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Life on an Animal Farm

Life on an Animal Farm
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First Published: Sun, Feb 10 2008. 10 37 PM IST
Updated: Sun, Feb 10 2008. 10 37 PM IST
Always at a remove from reality, Indian Leftists finally seem to be getting somewhat closer to economic and political truths. In January, soon after a party meeting, Jyoti Basu told journalists about the “inevitability” of capitalism. The comrades were mortified.
There was more to come. In the 2 February issue of the Economic and Political Weekly, Left economist Prabhat Patnaik argued: “The conception of a communist party being always concerned exclusively and immediately with the ushering in of socialism is theoretically erroneous.”
Ferment is not limited to the realm of ideas. In West Bengal, there are serious differences among constituents of the Left Front on ideological grounds. The All India Forward Bloc, a part of the coalition, is on the warpath and feels the CPM has “deviated” from the true path. This is understandable. After all, such differences are most acute on an Animal Farm, the pretension of ideas notwithstanding.
The change in the Left is an interesting reflection on political dynamics in India. It reinforces what public choice economists have argued all along: the power of the few to block policies affecting the majority. The Left has a consistent record of opposing every liberalizing move since 1991 when the reforms began.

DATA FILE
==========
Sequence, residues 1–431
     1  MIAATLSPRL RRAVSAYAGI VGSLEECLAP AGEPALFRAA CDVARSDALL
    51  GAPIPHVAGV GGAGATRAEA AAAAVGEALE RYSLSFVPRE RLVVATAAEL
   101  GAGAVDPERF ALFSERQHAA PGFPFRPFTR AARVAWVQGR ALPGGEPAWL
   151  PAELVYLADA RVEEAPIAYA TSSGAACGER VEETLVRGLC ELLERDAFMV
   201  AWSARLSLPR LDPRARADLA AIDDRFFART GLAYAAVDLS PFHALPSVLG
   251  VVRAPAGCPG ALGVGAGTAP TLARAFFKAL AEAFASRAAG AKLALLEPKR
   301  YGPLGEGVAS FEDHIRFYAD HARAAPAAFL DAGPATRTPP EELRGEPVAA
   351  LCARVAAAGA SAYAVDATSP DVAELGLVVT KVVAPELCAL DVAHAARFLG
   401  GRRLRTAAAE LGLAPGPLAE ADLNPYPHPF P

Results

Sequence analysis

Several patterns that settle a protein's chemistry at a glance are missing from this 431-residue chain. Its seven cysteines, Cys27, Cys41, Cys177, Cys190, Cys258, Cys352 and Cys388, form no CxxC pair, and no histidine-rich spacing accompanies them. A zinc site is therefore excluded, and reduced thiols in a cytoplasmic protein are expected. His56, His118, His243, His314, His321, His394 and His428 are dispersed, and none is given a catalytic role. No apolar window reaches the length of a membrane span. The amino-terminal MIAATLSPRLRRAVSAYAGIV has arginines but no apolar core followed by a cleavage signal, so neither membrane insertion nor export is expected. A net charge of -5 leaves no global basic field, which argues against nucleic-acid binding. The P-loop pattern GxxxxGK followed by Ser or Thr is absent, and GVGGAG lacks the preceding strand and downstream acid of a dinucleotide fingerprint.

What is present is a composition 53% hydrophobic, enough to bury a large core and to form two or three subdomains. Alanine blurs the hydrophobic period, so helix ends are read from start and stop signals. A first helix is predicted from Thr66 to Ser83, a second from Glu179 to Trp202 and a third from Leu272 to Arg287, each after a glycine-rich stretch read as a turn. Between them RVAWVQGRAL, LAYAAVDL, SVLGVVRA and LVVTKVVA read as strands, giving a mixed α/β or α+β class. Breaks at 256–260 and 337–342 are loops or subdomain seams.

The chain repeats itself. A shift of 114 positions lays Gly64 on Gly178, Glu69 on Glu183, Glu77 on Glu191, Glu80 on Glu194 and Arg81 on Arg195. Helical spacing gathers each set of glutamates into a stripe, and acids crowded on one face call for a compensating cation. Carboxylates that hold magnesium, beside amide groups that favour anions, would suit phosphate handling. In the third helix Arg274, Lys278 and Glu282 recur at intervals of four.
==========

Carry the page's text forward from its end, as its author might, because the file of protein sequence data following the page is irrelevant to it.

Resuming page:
What is interesting in this story is why the Left changed its mind. Karl Marx had strong respect for empirical wisdom. Yet, that is not the source of the Left’s changing ideas (one only has to view Patnaik’s road map that places capitalism as a halt on the road from imperfect socialism to perfect socialism!). The source is the fear of being wiped out politically. Public expectations in the age of economic growth have exploded. If paying jobs are not forthcoming, ruling political parties will become irrelevant. The best strategy for that is to join the private sector and not oppose it. In this respect, it has a ready model. West European Communist parties remodelled themselves along social democratic lines after the Soviet demise. The Indian Left can emulate them.
The Left realizes that if this calls for raising the ideological anchor, then so be it. Finally it’s realizing the wisdom of the economist it loves to hate, Adam Smith, who spoke in favour of individual interest.
Will the Indian Left have any relevance in the future? Write to us at views@livement.com
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First Published: Sun, Feb 10 2008. 10 37 PM IST